Endothelin A Receptor Antagonism in Experimental Congestive Heart Failure Results in Augmentation of the Renin-Angiotensin System and Sustained Sodium Retention

John A. Schirger, Horng Haur Chen, Michihisa Jougasaki, Ondrej Lisy, Guido Boerrigter, Alessandro Cataliotti, John C Jr. Burnett

Research output: Contribution to journalArticle

26 Citations (Scopus)

Abstract

Background-While both the endothelin-1 (ET-1) and renin-angiotensin systems (RAS) are activated in congestive heart failure (CHF), the temporal sequence of this activation remains unclear. Understanding this pattern of neurohumoral activation may aid in understanding the significance of ET-1 in CHF and provide strategies for ET-1 antagonism. Although acute endothelin (ET) receptor antagonism improves systemic hemodynamics in CHF, clinical trials with chronic ET receptor antagonism report worsening CHF symptoms. Methods and Results-In a canine model of progressive left ventricular dysfunction, we demonstrated activation of myocardial and plasma ET-1 without activation of the RAS during transition to overt CHF, suggesting that ET-1 contributes to this transition. We next evaluated the effects of chronic oral ET-A receptor antagonism on neurohumoral function, renal hemodynamics, and sodium excretion in pacing-induced CHF. After 7 days of treatment (n=7) with ET-A receptor antagonism (with LU135252), sodium excretion did not improve in treated versus untreated CHF (n=6). Furthermore, both plasma renin activity and plasma ET-1 increased with ET-A receptor blockade. Conclusions-Activation of the myocardial and plasma ET-1 systems precedes activation of the myocardial and plasma RAS in CHF. ET-A receptor antagonism in experimental CHF further activates the RAS without improving sodium excretion. These findings suggest an important role for ET-1 in the progression of CHF and a potential mechanism for the exacerbation of CHF symptoms observed in clinical trials with chronic ET receptor antagonism. Further studies with combined modulation of the ET and other neurohumoral systems in CHF are required.

Original languageEnglish (US)
Pages (from-to)249-254
Number of pages6
JournalCirculation
Volume109
Issue number2
DOIs
StatePublished - Jan 20 2004

Fingerprint

Endothelin A Receptors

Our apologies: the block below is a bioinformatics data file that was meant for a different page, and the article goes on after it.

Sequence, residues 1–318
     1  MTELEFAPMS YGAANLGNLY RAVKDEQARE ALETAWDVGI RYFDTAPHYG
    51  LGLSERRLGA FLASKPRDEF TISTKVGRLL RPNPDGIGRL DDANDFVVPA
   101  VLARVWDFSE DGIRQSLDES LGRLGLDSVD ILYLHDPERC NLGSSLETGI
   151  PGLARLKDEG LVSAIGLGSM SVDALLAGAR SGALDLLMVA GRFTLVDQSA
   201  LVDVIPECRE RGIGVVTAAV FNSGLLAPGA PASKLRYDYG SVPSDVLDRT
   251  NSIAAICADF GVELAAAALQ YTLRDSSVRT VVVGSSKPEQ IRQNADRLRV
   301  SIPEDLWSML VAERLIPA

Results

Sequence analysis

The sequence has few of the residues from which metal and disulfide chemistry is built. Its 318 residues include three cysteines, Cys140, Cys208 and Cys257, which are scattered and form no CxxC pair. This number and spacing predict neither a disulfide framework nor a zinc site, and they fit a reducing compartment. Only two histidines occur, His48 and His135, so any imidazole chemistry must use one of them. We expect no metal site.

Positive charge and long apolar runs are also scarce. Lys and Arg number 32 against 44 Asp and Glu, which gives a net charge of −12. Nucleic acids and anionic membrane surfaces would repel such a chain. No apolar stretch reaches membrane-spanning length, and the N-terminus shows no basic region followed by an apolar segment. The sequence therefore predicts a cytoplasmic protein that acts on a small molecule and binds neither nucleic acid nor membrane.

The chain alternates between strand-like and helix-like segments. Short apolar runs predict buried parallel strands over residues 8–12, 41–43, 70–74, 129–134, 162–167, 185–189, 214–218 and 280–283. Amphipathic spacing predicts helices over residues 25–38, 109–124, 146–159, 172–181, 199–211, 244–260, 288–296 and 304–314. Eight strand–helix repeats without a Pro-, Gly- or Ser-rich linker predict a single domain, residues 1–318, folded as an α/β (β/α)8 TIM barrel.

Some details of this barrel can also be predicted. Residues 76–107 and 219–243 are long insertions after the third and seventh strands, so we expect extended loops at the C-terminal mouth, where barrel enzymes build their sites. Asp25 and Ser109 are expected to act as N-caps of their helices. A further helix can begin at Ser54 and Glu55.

Renin-Angiotensin System
Heart Failure
Sodium
Endothelin-1
Endothelin Receptors
Hemodynamics
Clinical Trials
Endothelins
Left Ventricular Dysfunction
Renin
Canidae

Keywords

  • Endothelin
  • Heart failure
  • Receptors
  • Sodium

ASJC Scopus subject areas

  • Physiology
  • Cardiology and Cardiovascular Medicine

Cite this

Endothelin A Receptor Antagonism in Experimental Congestive Heart Failure Results in Augmentation of the Renin-Angiotensin System and Sustained Sodium Retention. / Schirger, John A.; Chen, Horng Haur; Jougasaki, Michihisa; Lisy, Ondrej; Boerrigter, Guido; Cataliotti, Alessandro; Burnett, John C Jr.

In: Circulation, Vol. 109, No. 2, 20.01.2004, p. 249-254.

Research output: Contribution to journalArticle

Schirger, John A. ; Chen, Horng Haur ; Jougasaki, Michihisa ; Lisy, Ondrej ; Boerrigter, Guido ; Cataliotti, Alessandro ; Burnett, John C Jr. / Endothelin A Receptor Antagonism in Experimental Congestive Heart Failure Results in Augmentation of the Renin-Angiotensin System and Sustained Sodium Retention. In: Circulation. 2004 ; Vol. 109, No. 2. pp. 249-254.
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abstract = "Background-While both the endothelin-1 (ET-1) and renin-angiotensin systems (RAS) are activated in congestive heart failure (CHF), the temporal sequence of this activation remains unclear. Understanding this pattern of neurohumoral activation may aid in understanding the significance of ET-1 in CHF and provide strategies for ET-1 antagonism. Although acute endothelin (ET) receptor antagonism improves systemic hemodynamics in CHF, clinical trials with chronic ET receptor antagonism report worsening CHF symptoms. Methods and Results-In a canine model of progressive left ventricular dysfunction, we demonstrated activation of myocardial and plasma ET-1 without activation of the RAS during transition to overt CHF, suggesting that ET-1 contributes to this transition. We next evaluated the effects of chronic oral ET-A receptor antagonism on neurohumoral function, renal hemodynamics, and sodium excretion in pacing-induced CHF. After 7 days of treatment (n=7) with ET-A receptor antagonism (with LU135252), sodium excretion did not improve in treated versus untreated CHF (n=6). Furthermore, both plasma renin activity and plasma ET-1 increased with ET-A receptor blockade. Conclusions-Activation of the myocardial and plasma ET-1 systems precedes activation of the myocardial and plasma RAS in CHF. ET-A receptor antagonism in experimental CHF further activates the RAS without improving sodium excretion. These findings suggest an important role for ET-1 in the progression of CHF and a potential mechanism for the exacerbation of CHF symptoms observed in clinical trials with chronic ET receptor antagonism. Further studies with combined modulation of the ET and other neurohumoral systems in CHF are required.",